Correlates of Public Support Toward Federal Funding for Harm Reduction Strategies

Published in: Substance Abuse Treatment, Prevention, and Policy, 2015

Posted on on July 22, 2015

by Magdalena Kulesza, Bethany A. Teachman, Alexandra J. Werntz, Melissa L. Gasser, Kristen P. Lindgren

Read More

Access further information on this document at Substance Abuse Treatment

This article was published outside of RAND. The full text of the article can be found at the link above.

BACKGROUND: Historically, US federal policy has not supported harm reduction interventions, such as safe injection facilities (SIFs) and needle and syringe programs (NSPs), which can reduce the burden associated with injection drug use. Given recent increases in abuse of both legal and illegal opioids, there has been a renewed debate about effective ways to address this problem. The current study (1) assessed participants' support for SIFs and NSPs, and (2) evaluated several demographic factors (e.g., age, gender, race, education, political ideology, and religiosity) and individual differences in stigmatizing beliefs about people who inject drugs (PWID) that might relate to support for these interventions. METHODS: U.S. adults (N = 899) completed a web-based study that assessed self-reported support for NSPs and SIFs, and stigma about PWID. RESULTS: The majority of participants were at least somewhat supportive of both NSPs and SIFs. Regression analyses indicated greater support for NSPs and SIFs was predicted by more liberal political ideology, more agreement that PWID deserve help rather than punishment, older age, and male gender. Also, participants who endorsed lower stigma about PWID were more supportive of NSPs and SIFs. Race, religiosity, and education did not predict support for NSPs and SIFs. CONCLUSIONS: Most participants tended to report support for harm reduction strategies. Age, political ideology, and individual differences in stigmatizing beliefs about PWID were significantly associated with support. Given the potential malleability of stigmatizing beliefs, efforts that seek to shift stigma about PWID could have important implications for public policy towards harm reduction strategies for PWID.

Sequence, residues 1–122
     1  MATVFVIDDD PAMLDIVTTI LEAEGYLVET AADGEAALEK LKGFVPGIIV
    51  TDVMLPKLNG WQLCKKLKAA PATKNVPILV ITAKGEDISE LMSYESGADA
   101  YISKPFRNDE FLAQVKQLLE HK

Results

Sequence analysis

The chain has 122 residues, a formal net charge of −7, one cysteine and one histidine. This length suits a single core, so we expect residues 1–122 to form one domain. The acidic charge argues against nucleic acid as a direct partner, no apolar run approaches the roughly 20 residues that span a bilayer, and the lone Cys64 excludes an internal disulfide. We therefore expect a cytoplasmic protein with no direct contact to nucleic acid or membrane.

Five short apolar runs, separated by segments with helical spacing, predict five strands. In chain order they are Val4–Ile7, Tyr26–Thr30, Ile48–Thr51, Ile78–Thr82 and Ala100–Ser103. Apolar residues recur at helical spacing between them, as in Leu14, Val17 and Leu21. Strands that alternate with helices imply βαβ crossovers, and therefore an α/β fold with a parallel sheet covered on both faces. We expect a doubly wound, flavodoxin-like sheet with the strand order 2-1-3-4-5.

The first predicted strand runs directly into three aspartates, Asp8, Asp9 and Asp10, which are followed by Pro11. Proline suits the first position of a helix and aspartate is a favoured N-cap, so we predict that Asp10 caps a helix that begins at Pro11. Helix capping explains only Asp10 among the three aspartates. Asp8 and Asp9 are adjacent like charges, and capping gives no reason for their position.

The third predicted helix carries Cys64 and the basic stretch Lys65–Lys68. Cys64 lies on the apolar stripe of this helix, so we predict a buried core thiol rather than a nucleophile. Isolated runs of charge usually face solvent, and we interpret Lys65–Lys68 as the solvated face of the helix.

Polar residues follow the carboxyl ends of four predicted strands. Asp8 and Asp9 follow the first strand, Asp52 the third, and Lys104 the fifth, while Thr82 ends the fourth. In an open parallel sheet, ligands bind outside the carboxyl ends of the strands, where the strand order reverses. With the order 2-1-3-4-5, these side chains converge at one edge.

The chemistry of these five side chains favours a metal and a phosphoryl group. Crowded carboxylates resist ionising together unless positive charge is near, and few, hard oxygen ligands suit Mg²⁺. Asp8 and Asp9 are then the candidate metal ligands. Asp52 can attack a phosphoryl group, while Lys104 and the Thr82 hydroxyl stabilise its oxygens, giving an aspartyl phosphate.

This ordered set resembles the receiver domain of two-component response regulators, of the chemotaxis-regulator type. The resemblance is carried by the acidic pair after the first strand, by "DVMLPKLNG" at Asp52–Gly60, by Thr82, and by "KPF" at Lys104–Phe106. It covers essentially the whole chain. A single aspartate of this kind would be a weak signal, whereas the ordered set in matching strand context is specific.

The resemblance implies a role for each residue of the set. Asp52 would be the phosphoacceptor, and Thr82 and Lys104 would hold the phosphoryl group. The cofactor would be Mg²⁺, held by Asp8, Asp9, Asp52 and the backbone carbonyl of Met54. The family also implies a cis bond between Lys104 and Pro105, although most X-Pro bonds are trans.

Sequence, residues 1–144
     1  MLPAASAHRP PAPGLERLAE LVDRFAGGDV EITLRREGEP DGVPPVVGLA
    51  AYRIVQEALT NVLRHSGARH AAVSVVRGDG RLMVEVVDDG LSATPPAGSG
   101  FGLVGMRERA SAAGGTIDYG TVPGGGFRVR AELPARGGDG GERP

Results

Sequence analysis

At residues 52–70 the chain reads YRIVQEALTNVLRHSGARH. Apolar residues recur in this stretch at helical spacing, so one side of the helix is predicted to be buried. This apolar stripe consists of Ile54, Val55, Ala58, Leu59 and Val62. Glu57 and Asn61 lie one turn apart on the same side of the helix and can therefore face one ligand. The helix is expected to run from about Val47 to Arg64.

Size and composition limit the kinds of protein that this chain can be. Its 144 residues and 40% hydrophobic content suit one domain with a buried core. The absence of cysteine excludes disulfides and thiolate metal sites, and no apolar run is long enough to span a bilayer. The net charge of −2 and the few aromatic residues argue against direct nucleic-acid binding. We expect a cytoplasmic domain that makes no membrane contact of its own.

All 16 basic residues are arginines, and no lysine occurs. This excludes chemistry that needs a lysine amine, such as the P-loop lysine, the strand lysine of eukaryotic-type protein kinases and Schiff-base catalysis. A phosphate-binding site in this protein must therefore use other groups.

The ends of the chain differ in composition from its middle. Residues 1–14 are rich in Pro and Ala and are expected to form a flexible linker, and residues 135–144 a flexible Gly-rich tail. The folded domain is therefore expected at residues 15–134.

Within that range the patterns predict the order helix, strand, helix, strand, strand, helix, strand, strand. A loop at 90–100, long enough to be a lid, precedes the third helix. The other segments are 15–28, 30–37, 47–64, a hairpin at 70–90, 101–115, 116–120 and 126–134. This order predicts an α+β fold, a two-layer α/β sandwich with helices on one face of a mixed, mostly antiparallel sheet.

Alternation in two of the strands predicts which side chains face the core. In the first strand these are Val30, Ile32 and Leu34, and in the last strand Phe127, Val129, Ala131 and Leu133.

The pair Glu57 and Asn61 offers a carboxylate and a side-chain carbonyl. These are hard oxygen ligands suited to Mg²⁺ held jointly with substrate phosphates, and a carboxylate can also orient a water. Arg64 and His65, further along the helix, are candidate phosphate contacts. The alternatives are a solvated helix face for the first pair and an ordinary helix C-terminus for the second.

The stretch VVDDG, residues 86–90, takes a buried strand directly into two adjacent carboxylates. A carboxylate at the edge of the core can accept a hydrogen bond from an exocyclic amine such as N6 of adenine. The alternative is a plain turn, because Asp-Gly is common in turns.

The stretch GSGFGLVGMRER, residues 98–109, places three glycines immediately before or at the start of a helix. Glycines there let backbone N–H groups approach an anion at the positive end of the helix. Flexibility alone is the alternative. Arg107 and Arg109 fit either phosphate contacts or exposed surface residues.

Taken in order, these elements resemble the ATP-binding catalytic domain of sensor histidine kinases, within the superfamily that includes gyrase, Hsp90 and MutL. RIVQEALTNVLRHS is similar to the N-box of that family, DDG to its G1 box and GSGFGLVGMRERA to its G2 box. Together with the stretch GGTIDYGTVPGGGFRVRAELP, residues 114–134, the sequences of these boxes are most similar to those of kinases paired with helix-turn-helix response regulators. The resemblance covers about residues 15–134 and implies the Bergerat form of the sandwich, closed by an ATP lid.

This report is part of the RAND Corporation External publication series. Many RAND studies are published in peer-reviewed scholarly journals, as chapters in commercial books, or as documents published by other organizations.

Our mission to help improve policy and decisionmaking through research and analysis is enabled through our core values of quality and objectivity and our unwavering commitment to the highest level of integrity and ethical behavior. To help ensure our research and analysis are rigorous, objective, and nonpartisan, we subject our research publications to a robust and exacting quality-assurance process; avoid both the appearance and reality of financial and other conflicts of interest through staff training, project screening, and a policy of mandatory disclosure; and pursue transparency in our research engagements through our commitment to the open publication of our research findings and recommendations, disclosure of the source of funding of published research, and policies to ensure intellectual independence. For more information, visit

The RAND Corporation is a nonprofit institution that helps improve policy and decisionmaking through research and analysis. RAND's publications do not necessarily reflect the opinions of its research clients and sponsors.